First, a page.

Let me tell you, it’s very, very nice to have mages with high quickness and vitality. It really helps them get off clutch spells like Grail before your charmed or confused companion nukes your entire team into oblivion, or can eat a direct shot from the biggest baddest badguy on the block and just shrug it off and heal through it with Vitality Rune regeneration. The same is true for your front-liners as well. Also, the damage caused by auras (like when you’ve been set on fire) seems to be based on your mental stats like spells, and there is something hilarious about having a giant monster set your entire front-line on fire, dealing a measly 60 damage, only to eat 600+ damage from the very fire they spat on you when they decide to try to hit you with their own physical attacks.

Some Examples from my Games
Here’s how characters in my games end up looking by mid to end game. These screens were taken from a party that has already roflstomped the end boss of Asellus’ quest. I just reloaded this game from just before her point of no return. They were able to take the final boss with such ease that I actually (for gits and shiggles) pretty much just held down the “confirm” button for the entire fight after the initial 2-round setup and never actually stopped to heal. Won with no KOs.

Warriors
For general adventuring and grinding, I’ll usually have my front-liners look something like this.
– Deflect
– Double Vertical
– Twin Ghale
– Ghale Blast
– Mind Heal
– (Empty/Optional)
– (Empty/Optional)
– (Empty/Optional)

This gives them a routine low-cost but high powered physical (double assault), a powerful physical AoE (twin ghale), a powerful magic attack (ghale blast) to use in emergencies, and a strong self heal, and deflect because it’s an awesome defensive power. That leaves 3 slots open to spark new skills in during routine encounters.

For bosses, I will generally add Vitality and sometimes Freedom runes and might swap out double vertical for attacks with more oomph, or single-target ranged attacks like swallow slice (if using twin-ghale is wasteful but you need to avoid touching the boss).

Mages
For general adventuring and grinding, I’ll usually have my dedicated mage look something like this.
– Cheap Offensive Spell (Energy Chain, Sunray, Saber)
– Ghale Blast
– Shield
– Grail
– Starlight Heal
– (Empty/Optional)
– (Empty/Optional)
– (Empty/Optional)

I’ll then either fill in with an extra buff (such as Psycho Armor) or Mind Heal (major self heal and status remover), or if I have already had the opportunity to train them with physical combat, I might drop some defensive abilities on them (deflect, sway back, etc), and give them something like twin-ghale, or maybe Light Sword (last I checked the regular Deflect and the Deflect granted by light sword seem to stack for determining how frequently you will parry attacks, which can get silly awesome if you’ve got the WP to sustain it – and you should).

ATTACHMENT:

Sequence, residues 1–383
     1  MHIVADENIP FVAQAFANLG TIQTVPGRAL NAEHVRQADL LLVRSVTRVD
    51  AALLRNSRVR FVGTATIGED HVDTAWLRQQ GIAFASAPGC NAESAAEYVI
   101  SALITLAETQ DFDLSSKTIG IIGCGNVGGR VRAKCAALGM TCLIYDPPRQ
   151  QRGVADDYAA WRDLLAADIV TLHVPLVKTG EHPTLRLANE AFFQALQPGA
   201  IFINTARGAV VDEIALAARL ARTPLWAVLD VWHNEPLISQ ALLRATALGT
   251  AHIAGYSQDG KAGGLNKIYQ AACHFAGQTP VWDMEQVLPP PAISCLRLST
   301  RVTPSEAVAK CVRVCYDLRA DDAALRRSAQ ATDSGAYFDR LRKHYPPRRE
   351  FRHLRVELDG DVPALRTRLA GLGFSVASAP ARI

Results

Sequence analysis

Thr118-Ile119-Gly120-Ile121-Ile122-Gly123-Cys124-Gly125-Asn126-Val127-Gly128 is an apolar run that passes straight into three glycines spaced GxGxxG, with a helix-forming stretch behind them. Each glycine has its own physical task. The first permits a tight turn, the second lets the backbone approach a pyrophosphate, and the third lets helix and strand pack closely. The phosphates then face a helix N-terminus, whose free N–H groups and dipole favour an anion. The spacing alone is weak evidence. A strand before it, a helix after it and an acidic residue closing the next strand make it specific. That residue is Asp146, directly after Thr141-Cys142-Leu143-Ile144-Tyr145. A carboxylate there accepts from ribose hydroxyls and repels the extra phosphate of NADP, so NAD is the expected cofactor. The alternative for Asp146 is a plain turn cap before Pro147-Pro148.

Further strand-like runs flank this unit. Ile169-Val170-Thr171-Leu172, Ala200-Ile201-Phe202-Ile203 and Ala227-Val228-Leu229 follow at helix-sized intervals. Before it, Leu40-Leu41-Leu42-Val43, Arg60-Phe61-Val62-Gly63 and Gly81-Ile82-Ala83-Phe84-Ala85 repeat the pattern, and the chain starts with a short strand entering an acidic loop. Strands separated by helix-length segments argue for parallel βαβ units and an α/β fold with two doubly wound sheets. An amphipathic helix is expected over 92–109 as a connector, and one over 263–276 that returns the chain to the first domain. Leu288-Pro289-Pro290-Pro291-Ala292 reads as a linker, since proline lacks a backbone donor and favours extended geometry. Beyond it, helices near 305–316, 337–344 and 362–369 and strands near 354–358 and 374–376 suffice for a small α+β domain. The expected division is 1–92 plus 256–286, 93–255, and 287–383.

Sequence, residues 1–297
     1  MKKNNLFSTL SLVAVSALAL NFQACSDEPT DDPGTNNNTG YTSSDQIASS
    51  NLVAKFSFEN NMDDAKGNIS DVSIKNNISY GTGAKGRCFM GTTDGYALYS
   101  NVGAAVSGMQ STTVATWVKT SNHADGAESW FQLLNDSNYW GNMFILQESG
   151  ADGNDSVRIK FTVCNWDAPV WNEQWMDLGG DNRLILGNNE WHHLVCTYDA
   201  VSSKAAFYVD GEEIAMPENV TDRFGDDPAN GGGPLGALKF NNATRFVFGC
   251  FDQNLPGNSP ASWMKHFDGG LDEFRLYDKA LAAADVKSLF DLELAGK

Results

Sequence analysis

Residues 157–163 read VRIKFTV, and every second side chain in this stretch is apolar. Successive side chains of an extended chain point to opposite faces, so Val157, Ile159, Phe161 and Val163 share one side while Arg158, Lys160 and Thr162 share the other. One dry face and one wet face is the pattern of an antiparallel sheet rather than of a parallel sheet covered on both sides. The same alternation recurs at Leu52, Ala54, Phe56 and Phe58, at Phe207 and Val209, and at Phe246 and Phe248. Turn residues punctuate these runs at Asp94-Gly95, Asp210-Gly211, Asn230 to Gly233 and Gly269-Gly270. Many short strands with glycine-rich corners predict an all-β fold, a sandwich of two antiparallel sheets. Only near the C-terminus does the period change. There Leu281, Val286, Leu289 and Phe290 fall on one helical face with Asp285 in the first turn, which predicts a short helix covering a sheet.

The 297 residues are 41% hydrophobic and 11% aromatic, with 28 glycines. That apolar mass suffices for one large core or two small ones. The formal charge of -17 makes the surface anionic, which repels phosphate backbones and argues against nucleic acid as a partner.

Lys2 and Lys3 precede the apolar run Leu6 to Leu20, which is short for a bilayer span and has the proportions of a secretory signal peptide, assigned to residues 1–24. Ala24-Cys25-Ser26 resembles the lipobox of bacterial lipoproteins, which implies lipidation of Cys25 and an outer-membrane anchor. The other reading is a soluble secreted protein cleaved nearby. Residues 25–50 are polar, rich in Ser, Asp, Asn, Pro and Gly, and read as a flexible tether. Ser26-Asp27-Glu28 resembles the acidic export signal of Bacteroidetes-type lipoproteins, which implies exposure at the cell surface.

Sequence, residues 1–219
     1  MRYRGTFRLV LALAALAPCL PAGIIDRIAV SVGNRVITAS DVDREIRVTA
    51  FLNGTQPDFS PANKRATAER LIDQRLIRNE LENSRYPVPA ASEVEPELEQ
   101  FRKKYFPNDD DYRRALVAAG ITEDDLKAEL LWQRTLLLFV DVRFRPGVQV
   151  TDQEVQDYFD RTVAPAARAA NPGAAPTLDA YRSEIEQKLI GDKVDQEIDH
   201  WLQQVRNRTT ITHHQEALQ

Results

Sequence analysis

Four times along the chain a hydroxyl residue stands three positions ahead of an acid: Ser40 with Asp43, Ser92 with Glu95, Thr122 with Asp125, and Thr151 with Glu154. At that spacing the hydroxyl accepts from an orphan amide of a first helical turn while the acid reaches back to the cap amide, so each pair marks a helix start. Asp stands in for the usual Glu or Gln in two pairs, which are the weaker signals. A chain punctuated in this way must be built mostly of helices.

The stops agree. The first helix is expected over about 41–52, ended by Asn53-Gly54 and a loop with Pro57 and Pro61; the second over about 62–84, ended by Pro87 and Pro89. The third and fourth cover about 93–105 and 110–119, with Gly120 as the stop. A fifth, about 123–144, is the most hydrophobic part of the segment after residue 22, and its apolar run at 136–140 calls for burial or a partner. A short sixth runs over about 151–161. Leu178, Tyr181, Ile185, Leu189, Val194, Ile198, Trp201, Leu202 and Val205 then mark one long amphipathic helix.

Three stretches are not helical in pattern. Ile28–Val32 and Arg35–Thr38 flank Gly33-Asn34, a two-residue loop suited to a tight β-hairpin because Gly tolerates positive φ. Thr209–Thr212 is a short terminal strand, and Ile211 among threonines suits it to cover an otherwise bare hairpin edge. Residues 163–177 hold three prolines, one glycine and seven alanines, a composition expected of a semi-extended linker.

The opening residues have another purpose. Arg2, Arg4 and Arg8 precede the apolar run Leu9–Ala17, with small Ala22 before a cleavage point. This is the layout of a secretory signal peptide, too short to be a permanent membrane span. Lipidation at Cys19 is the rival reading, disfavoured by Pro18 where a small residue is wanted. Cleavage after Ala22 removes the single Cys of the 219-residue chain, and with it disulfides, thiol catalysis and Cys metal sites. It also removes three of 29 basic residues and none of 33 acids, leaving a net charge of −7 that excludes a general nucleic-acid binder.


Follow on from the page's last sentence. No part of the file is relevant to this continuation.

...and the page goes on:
Building Heroes – Grinding!

Grinding can actually be very satisfying in this sort of game, especially due to your characters growing a little stronger after each fight (so rather than grinding and grinding waiting for that next level, your brain gets a delicious hit of dopamine after every fight), and you can see their improvements immediately if in small increments.

The Remastered Edition also gives us a beautiful button to speed up combat to x2 or even x3. For me the ideal pace is x2. It makes battles feel very fast paced and exciting, and the fact you can dump twice as many monsters into a meat grinder and guzzle them down like a super protein smoothie in the same time is icing on the bloody sunday.

I have exactly two favorite grinding places. The lower koorong backstreets (where you can find the mystic doctor Nusakan), where the three bird-monsters flutter around, and the Bio Laboratory in Shrike. You might wonder why these are my favorites, and the answer is simple.

Koorong never gets particularly hard as it’s essentially the baby-hub of the game. The enemies pretty much cap out at stuff like Wyverns and T-Walkers, so the encounters aren’t particularly troublesome if your party is geared and ready to go. You can walk onto the map, fight the enemies, walk back off, return, repeat. There’s even an inn on the next map, so you can quickly recover when you’re doing some mega grinding.

This makes Koorong an ideal place for developing underpowered character traits. When you want your mage to spend some time poking things with his fists, or have your entire party just unload full clips of weak guns at enemies to develop gun skills, or train poor Lute (who began with 0 JP in my game) to become an arch-mage (to train magic onto a character with 0 max JP, you have to give them all magic skills so they get the -1 cost reduction and then spam spells like Sunray like they were going out of style).